Our interest in the subject arose because this state of criticality is characteristic of phase transitions like the one that occurs in magnetic materials when passing from a non-magnetic state to a magnetized one. This type of process can be described using the famous Ising model with which it can be shown that the maximum complexity of the system is reached in the phase transition. In other words, in a certain way, criticality is a digital fingerprint of complexity.

Using these ideas we begin to think that perhaps we could use these same ideas in ecosystems by identifying some type of environmental physiological processes, such as the case of ecosystem respiration. For this we use data from hundreds of monitoring sites of the international consortium Ameriflux for the forests of North America (Ramírez-Carrillo et.al., 2018). With this we begin to expand the idea of ​​ecosystem health from a description of its state (integrity), including also its dynamics (criticality).

Incorporating the response to disturbances: Antifragility

The similarity between the results of Fossion and collaborators with the ideas of Nassim Nicholas Taleb, made me think that in fact homeostasis or resilience, as it is generally identified in ecology, are actually a particular case of the Taleb conceptual framework in which a system can be fragile, robust or antifragile, depending on how it responds to disturbances in its environment (see Fig. 2). What Taleb realized (2012) is that the opposite of a system that is harmed by the variability of its environment, such as a crystal glass, is not how a system that is insensitive or that recovers from disturbances is commonly thought. (robustness or resilience). The opposite of losing to volatility is winning, not being insensitive. Taleb named these types of systems antifragile systems. Of course the best example of antifragility is the life phenomenon. The application of these ideas has been reviewed in detail in a recent publication (https://peerj.com/articles/8533/) that incorporates for the first time in the specialized literature the concept of ecosystem antifragility. Of course Taleb in his work deals with the subject we have only formalized it. These ideas have recently started to be used by colleagues of mine with whom I collaborate, in the characterization of the human intestinal microbiota and in how it affects the functioning of the brain (Ramírez-Carrillo, 2020).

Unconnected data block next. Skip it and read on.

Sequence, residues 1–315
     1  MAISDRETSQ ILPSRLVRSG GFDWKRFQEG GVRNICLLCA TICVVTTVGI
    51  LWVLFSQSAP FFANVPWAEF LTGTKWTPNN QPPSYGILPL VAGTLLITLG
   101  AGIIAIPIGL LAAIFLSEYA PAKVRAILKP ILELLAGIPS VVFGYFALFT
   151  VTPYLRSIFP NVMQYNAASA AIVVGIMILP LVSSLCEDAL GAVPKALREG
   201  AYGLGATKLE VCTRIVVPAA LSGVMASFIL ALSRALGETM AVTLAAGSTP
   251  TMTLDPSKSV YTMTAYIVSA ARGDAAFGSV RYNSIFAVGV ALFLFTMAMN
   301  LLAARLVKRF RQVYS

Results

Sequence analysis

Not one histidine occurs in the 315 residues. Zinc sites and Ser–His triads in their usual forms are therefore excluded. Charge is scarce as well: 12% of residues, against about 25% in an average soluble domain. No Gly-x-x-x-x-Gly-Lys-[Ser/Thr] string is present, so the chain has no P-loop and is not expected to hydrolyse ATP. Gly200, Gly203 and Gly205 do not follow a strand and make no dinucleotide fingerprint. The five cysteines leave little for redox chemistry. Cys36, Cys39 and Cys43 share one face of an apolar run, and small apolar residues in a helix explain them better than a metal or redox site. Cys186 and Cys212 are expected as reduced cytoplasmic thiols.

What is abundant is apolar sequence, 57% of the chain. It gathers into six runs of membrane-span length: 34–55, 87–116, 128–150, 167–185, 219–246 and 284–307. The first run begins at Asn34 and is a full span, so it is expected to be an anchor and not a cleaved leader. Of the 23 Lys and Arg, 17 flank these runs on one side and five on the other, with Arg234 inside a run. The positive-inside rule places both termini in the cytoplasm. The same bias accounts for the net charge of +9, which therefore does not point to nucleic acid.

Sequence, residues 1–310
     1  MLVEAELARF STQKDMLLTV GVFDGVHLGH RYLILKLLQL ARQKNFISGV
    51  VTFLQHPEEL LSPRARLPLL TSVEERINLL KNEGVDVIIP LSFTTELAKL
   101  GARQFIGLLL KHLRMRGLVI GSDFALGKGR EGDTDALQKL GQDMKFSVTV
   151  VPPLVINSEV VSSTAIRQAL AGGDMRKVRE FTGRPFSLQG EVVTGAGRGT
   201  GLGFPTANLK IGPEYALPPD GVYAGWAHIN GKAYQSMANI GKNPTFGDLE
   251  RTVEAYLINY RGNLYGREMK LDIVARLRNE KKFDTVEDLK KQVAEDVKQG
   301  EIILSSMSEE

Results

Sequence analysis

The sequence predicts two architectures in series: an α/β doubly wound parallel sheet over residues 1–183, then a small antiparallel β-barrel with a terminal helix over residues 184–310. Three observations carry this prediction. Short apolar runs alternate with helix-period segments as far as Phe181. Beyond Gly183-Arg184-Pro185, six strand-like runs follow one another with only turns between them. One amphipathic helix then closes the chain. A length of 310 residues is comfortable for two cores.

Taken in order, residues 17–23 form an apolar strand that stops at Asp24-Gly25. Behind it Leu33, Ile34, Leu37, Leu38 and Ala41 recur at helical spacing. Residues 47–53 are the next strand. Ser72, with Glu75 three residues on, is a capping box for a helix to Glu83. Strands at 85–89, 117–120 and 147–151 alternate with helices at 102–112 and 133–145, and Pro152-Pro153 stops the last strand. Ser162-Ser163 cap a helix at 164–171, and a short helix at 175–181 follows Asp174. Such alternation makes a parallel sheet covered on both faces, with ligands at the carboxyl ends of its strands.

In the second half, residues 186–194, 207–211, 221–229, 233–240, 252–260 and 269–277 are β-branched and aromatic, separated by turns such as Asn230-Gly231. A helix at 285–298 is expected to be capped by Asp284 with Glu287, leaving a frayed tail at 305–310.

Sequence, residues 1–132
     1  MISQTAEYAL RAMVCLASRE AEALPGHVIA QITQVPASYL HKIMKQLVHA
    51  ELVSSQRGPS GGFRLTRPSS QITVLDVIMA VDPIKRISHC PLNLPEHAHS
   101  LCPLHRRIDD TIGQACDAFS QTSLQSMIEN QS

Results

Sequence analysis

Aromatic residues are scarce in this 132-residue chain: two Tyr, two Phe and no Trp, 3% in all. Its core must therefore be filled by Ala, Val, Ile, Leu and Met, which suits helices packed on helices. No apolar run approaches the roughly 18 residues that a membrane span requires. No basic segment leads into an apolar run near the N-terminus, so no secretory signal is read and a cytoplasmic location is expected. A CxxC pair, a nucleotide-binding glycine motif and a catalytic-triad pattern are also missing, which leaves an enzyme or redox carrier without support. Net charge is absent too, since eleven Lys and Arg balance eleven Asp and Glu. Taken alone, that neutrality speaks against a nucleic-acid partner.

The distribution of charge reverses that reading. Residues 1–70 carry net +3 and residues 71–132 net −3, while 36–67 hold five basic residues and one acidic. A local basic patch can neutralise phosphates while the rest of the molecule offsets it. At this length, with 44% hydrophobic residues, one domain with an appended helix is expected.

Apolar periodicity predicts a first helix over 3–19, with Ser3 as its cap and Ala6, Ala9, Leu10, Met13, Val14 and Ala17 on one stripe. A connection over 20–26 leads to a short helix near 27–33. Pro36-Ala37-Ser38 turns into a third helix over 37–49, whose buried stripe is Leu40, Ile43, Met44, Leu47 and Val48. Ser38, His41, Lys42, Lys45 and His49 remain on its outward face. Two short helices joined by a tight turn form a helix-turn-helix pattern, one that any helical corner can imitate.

In this way, in our comings and goings between empiricism and theoretical physics, we went from characterizing health only by its state (integrity) to also consider its dynamics (criticality) and the way in which they respond to disturbances (antifragility). We believe that through our work we are showing that this complex way of looking at health applies to different types of systems (human, animal, ecosystem) and at very different scales.

Thus, as far-fetched as it may sound at first, theoretical physics (specifically Complexity) has a lot to say about the health of ecosystems, traditionally understood; but also seeing the organisms themselves as ecosystems (López-Corona et.al. 2019); or even to Earth as the planetary ecosystem (López-Corona & Magallanes-Guijón, 2020).